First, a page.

Objective: To investigate the reliability and construct validity of an atlas for grading hand osteoarthritis (OA) on photographs in a separate younger community-dwelling population than the development cohort.
Methods: Participants were community-dwelling adults (ages ≥50 years) in North Staffordshire, UK with hand pain or hand problems in the last year who attended a research clinic. High-quality photographs were taken in a standardized position. A photographic atlas was used to score hand joints (second and third distal interphalangeal [DIP], second and third proximal interphalangeal [PIP], and first carpometacarpal [CMC] joints) and joint groups (DIP, PIP, and CMC joints) for OA on a 0-3 scale. Hand radiographs were graded for OA using the Kellgren/Lawrence (K/L) grading system. Clinical features (nodes, bony enlargement, and deformity) were determined by physical examination. Associations of photographic hand OA grades with radiographic OA and clinical features were determined to assess construct validity.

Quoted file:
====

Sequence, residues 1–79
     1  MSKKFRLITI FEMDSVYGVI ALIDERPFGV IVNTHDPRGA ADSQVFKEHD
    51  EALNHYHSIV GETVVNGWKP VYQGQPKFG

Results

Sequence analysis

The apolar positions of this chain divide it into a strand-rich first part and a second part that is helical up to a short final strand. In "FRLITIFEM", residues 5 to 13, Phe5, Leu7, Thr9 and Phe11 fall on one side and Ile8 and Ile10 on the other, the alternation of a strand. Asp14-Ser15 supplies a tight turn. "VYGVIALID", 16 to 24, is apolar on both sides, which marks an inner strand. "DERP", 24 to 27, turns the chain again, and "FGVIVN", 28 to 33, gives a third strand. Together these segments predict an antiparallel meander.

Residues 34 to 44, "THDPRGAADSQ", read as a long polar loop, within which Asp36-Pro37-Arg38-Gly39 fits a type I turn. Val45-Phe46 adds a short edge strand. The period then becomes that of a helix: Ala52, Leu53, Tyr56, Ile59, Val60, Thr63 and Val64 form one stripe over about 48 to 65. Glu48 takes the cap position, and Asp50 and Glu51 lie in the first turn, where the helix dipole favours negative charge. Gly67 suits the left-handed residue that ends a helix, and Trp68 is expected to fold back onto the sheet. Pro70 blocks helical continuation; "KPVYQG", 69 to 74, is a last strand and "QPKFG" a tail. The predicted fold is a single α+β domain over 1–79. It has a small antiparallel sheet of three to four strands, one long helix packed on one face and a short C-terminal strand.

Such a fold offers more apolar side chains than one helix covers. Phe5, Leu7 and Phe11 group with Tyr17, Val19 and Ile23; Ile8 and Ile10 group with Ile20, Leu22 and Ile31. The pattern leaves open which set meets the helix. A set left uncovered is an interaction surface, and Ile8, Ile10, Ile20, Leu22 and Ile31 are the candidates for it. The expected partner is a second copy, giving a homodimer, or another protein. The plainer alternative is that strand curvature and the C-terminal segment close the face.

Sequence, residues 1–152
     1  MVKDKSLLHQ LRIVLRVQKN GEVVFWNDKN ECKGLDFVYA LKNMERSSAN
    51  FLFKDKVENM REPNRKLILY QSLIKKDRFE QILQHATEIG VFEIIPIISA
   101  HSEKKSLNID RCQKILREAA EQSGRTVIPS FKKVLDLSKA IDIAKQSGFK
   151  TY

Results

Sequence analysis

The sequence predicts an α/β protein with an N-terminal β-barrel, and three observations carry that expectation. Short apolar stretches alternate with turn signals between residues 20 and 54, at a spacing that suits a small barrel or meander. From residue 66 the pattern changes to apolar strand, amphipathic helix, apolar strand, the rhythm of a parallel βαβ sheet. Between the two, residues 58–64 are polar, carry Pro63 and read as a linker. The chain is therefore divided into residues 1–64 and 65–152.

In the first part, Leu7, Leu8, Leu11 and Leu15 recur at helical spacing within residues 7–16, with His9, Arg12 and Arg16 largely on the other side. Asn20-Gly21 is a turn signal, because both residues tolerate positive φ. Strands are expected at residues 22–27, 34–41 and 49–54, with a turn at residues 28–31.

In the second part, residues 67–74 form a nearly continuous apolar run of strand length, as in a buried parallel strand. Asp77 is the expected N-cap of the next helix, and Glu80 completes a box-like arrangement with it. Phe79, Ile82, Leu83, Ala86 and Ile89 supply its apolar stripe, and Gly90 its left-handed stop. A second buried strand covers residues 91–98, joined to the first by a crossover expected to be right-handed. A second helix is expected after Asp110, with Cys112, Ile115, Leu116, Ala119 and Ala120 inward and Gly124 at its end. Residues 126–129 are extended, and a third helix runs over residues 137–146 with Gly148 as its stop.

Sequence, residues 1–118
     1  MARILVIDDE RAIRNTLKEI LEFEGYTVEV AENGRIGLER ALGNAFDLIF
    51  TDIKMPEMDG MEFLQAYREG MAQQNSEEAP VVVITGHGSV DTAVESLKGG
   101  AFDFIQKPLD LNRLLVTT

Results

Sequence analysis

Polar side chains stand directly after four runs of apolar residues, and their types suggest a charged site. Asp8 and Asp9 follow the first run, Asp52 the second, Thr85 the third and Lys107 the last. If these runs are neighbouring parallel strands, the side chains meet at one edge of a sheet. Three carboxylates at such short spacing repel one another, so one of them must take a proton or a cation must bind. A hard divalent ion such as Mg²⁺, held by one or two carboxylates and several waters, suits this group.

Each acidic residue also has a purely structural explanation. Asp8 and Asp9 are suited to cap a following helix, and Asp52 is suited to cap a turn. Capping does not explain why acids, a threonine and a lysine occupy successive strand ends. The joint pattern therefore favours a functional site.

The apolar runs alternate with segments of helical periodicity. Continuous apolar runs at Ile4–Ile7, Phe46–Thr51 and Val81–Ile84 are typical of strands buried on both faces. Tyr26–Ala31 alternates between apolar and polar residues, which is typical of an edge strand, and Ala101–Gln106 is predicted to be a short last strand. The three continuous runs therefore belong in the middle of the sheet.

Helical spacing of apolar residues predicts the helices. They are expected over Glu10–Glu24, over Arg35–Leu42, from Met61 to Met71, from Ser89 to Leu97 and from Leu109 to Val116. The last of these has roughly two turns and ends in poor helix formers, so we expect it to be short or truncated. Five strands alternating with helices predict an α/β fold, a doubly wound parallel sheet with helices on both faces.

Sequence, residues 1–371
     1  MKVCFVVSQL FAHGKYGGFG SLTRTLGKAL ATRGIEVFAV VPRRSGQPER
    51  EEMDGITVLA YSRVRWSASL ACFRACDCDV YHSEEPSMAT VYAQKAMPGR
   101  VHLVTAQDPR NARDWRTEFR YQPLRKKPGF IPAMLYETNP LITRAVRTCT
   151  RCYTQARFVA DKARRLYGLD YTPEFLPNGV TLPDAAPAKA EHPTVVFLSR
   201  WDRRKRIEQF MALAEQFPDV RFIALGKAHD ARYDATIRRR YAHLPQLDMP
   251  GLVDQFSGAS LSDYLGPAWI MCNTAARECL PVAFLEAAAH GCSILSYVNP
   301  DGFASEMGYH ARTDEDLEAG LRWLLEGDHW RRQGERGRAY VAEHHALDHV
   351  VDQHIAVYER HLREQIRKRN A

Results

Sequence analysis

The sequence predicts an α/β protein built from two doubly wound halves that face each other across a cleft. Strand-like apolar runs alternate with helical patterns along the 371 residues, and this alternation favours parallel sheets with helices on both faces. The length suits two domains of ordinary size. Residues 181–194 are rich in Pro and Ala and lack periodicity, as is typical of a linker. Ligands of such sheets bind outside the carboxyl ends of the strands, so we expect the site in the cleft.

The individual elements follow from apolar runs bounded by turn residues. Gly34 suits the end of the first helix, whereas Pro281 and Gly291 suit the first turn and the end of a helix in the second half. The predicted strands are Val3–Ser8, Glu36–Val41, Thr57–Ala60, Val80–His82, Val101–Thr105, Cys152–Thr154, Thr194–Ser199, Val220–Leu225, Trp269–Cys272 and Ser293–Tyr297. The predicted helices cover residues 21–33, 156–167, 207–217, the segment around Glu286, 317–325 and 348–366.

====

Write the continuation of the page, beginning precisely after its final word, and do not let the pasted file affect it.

Results: In total, 558 participants (mean age 64 years, 62% women) were included in the analyses. Reliability for scoring OA on the photographs was good (mean intrarater intraclass correlation coefficient [ICC] 0.77 and mean interrater ICC 0.71). At the joint level, photographic hand OA grade was positively associated with radiographic OA grade (Spearman's ρ = 0.19-0.57, P < 0.001) and the number of clinical features (Spearman's ρ = 0.36-0.59, P < 0.001). At the person level, individuals with higher global photographic OA scores had higher summed K/L scores and higher percentages meeting the American College of Rheumatology clinical hand OA criteria.
Conclusion: This photographic scoring system was reliable and a good indicator of hand OA in a separate younger community-dwelling population than the development cohort. This method of data collection offers researchers a feasible alternative to physical examination and radiography.
© 2014 The Authors. Arthritis Care & Research is published by Wiley Periodicals, Inc. on behalf of the American College of Rheumatology.